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Simpler, cheaper: Meet the new PC

Compaq's iPaq is the first 'legacy-free' PC targeted toward business users. The era of the simplified personal computer has arrived

Compaq is starting to ship its "legacy-free" iPaq PC this week in a bold move to try to sell businesses on a simplified $499 (£309) computer.

Already, Compaq, Dell and Gateway sell legacy-free machines to consumers. But the iPaq is the first one aimed at the corporate market, and opinions vary as to which market will develop first for these machines.

The iPaq's arrival symbolises an important milestone in the evolution of the traditional beige-box PC that has filled corporate desktops and homes for two decades. With legacy-free design -- the abandoning of older computer technologies that add cost and complexity -- manufacturers hope to expand the market by giving corporate customers and consumers easier-to-maintain and easier-to-afford machines.

In short, PC makers see their new, stylish offerings as the future of the PC. The iPaq was designed over a period of only a few months to deliver a less complex, lower cost and more aesthetically pleasing PC to corporations.

Whether or not iPaq looks good is a matter of personal taste. But the PC -- and it's still a PC -- trims a lot of fat from the computer most consumers are familiar with.

It removes, for example, the ISA bus and introduces Universal Serial Bus (USB) ports for adding accessories such as a modem and printer. For consumers, the approach should result in PCs that are more appealing and easier to set up.

Another benefit: Getting rid of older technologies allows PC designers to rethink the box approach. Some legacy-free models look more like a pyramid or an old radio than a personal computer.

"When you get down to it, a PC is a desktop accessory. Why not make it look good?" said Mike Feibus, principal analyst at Mercury Research. "That's what the 'personal' is for."

Compaq expects iPaq models to contribute as much as 25 percent to its worldwide DeskPro corporate PC sales in 2000, said Jerry Meerkatz, vice president and general manager of Compaq's Desktop PC division. Compaq also offers a legacy-free PC Presario model for the home, called EZ 2000. It starts at $999.

Analysts predict iPaq PCs, or ones like it, could eventually constitute 80 percent of the PC market. With a powerful-enough processor, a decent amount of system memory, a large hard drive and expandability via USB, the machines should prove attractive.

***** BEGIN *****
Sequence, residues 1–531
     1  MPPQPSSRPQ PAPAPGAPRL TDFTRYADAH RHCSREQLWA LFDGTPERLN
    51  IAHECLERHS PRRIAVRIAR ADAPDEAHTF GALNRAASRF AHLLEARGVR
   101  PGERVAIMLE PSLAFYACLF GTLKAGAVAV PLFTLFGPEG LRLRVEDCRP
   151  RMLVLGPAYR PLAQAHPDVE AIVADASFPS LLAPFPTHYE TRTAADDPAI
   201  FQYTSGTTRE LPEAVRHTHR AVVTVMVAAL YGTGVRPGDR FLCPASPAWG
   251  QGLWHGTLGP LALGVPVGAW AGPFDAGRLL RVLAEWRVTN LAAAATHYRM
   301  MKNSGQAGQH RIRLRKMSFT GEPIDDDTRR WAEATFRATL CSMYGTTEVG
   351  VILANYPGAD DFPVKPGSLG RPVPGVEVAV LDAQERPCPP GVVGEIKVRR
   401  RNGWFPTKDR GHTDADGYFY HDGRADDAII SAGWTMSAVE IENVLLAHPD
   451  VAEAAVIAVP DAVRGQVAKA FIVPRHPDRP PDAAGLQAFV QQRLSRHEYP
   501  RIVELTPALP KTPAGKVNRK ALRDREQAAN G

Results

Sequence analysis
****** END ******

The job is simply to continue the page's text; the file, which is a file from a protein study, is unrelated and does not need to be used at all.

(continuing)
But critics are not convinced the less-is-better approach is necessarily better. Naysayers argue that iPaq and other legacy-free machines don't deliver enough performance to satisfy everyone.

Gamers, for example, would appreciate the ability to add high-performance graphics cards, extra drives and large amounts of memory to a PC -- something you couldn't do with an iPaq and some other slimmed-down products.

The iPaq features a 500MHz Celeron chip, 64MB of RAM, a 4.3GB hard drive, a 24X CD-ROM drive and two USB ports. It uses Intel's 810E chip set, which includes an onboard graphics processing engine and 4MB of video memory. But for a hard-core gamer those specs are soft.

However, "for the other 85 percent of the market it's plenty good enough," Feibus said. "And even a rabid gamer would appreciate a USB keyboard."

Dell is also getting into the act -- but targeting home users, not corporate clients. Dell believes its corporate customers will be slow to warm to legacy-free PCs, in part because the corporate PC purchase cycle typically stretches over several years.

"Product transitions like this are not light-switch transitions," said Carl Everett, a senior vice president at Dell's PC Group. "Legacy PCs are not going to be replaced over two years by legacy-free PCs."

For consumers, the company offers WebPC, an Internet-oriented, legacy-free PC starting at $999.

While they might not agree on adoption rates, Dell and Compaq see eye to eye when it comes to Windows 2000. The forthcoming OS from Microsoft may accelerate the adoption of legacy-free hardware.

"The manageability attributes of legacy-free PCs (such as ease of expansion), coupled with Windows 2000, are very attractive," Everett said.

Both Compaq and Dell announced plans to begin taking orders on Windows 2000 PCs.

As part of its move to make PCs simpler, Compaq is working to create a number of easy-to-use devices under the iPaq brand to allow users to connect to the Internet.

"The whole notion of what iPaq represents is a family of Internet-access devices," Meerkatz said. "The upcoming versions of our handhelds and an iPaq portable ... all of that will be under the iPaq brand."

The company's Aero line of Windows CE handheld devices, for example, will be rebranded under the iPaq name.

An iPaq handheld now in development will combine Microsoft's next-generation PocketPC software, known by the code name Rapier, with wide-area wireless networking support. It should be introduced in April or May, company officials said.

Compaq is evaluating partnerships with manufacturers to build pager devices and cellular phones, company officials said. These products, if offered, would likely come as part of a complete offering aimed at helping connect company employees to the Internet as well as to data stored in their corporate network.

Dell, for its part, is paying attention to connectivity, size and style when it comes to PC design. "We're continuing to march down that path," Everett said.

That means smaller, more-stylish corporate PCs from Dell are in the offing.

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